When: Some folks get moved in their burial history, they were buried one place - well yea the one listed on the Death Cert. A new burial will not be listed on the original document.  I have not experienced this, so your really going to have to ask questions to a lot more folks then you might want to.  Just keep plugging along, the answer will be made self clear.  Keep turning over those big genealogy boulders with it's secrets underneath.  There can be amazing information contained on headstones that can be the best help you have ever received.   A while back Harvard Proffesor Henry Louis Gates Jr. helped Barbara Walters in her genealogy search.  In fact she had paid a genealogist to help her.  When Henry and his team went to work they followed the clues.  From one spot to the next in which led to the Head Stone  the information was priceless written right there the whole time.  When they say exhaustive search to be done.  Yep your exhausted, mentally and possibly, when its done.   


Genealogy Gems, Family history help, Cemetery help, Grave yard help
Photo posted by Lucy on FIND A GRAVE on Corp Wesley Philemon Carroll Memorial

Help In Finding The Elusive Ones

Do you know yet about FIND A GRAVE  and A BILLION GRAVES  web sites.  Both of these sites are free to use.  Ancestry has Find A Grave linked into the hint system.  But just because you don't get a hint to a Find A Grave memorial does not mean that one exist.  Do you know you too can add a memorial that just might bring you family history you can't get anywhere else.  That's what happened to me.  I put up a Memorial for my Great Grandmother Katherine Kelly, Dotch, Putman.  A cousin contacted me through Find A Grave.  He was the piece I needed to put together Katherine and her Dad.  As I was able to provide him with missing pieces as well.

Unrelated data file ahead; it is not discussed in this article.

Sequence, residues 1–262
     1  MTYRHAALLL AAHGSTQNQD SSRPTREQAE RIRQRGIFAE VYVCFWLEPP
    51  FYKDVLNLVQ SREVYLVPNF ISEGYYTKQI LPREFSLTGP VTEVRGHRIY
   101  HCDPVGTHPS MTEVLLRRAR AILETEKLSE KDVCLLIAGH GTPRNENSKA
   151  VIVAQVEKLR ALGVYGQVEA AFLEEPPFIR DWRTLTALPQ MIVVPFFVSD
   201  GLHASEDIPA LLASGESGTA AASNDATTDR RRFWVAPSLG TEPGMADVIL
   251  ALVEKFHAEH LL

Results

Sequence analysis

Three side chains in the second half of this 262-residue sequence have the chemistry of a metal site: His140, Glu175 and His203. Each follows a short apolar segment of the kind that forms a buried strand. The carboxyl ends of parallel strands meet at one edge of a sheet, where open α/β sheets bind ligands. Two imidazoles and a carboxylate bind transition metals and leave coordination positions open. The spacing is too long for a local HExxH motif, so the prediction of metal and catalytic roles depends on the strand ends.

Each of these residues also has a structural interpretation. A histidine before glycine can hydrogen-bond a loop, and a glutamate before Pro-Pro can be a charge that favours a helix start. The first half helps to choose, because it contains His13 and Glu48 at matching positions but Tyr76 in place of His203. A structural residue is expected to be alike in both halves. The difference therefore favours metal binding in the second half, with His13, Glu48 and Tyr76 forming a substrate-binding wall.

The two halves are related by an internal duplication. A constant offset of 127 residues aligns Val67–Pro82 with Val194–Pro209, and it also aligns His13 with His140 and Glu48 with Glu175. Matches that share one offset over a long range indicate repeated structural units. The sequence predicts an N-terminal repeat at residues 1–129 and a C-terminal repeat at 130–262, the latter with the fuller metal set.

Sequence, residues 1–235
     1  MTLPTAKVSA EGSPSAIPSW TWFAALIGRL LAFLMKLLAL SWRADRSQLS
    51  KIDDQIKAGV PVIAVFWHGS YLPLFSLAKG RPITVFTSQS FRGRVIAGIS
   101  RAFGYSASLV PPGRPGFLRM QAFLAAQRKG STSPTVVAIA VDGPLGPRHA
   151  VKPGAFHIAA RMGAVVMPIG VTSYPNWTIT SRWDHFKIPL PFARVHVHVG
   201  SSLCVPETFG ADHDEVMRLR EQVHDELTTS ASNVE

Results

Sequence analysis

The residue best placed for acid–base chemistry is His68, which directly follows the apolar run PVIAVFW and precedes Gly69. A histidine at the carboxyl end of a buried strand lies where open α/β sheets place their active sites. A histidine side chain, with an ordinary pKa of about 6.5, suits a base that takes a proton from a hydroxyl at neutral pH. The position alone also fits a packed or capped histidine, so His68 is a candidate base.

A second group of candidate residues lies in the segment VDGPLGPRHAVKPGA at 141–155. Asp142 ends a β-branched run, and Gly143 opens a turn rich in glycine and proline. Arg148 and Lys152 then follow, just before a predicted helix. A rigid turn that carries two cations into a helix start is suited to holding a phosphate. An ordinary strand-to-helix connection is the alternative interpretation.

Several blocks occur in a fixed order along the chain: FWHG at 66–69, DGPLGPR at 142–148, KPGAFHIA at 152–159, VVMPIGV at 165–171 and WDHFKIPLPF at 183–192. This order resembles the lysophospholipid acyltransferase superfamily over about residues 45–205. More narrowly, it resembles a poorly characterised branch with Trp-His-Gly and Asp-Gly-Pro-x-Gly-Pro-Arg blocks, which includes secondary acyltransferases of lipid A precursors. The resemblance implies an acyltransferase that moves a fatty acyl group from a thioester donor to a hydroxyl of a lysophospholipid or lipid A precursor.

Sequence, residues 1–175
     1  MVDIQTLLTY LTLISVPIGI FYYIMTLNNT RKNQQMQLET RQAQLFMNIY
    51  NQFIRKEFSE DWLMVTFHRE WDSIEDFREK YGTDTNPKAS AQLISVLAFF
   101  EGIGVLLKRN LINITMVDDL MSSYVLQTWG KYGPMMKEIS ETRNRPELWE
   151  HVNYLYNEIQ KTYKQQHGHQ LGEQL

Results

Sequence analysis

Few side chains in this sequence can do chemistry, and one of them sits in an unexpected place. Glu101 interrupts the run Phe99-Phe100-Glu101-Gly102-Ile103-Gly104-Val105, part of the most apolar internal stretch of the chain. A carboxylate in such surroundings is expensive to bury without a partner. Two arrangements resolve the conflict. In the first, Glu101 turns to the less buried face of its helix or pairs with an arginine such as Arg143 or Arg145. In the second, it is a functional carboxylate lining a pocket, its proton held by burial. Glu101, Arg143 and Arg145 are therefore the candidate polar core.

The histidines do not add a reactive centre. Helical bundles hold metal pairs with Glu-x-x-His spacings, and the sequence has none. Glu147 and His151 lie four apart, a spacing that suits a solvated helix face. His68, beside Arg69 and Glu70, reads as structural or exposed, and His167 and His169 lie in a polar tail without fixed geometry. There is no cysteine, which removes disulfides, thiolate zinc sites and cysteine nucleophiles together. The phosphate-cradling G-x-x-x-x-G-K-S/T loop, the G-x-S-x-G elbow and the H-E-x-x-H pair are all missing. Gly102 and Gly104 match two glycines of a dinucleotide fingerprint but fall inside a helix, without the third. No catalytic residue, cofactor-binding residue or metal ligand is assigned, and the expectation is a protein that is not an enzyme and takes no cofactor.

Best of luck looking for your Ancestors

06 September 2015

Genealogical Sandbox

Family Search has a beta site that can help in many ways with your research.

Which is   FamilySearch Labs

Use it you might be really happy with what you find out.  



Then the Genealogical Sandbox, also another source, has on-going projects.

Some of them include:

    Record Search
    Family Tree
    Standard Finder
    Research WIKI
    Family Search Alpha
    Life Browser Prototype
    Pedigree Viewer


Each of these projects have a specific purpose.


https://familysearch.org/learn/wiki/en/User:AdkinsWH/Sandbox:_Historical_and_Genealogical_Societies


Happy Hunting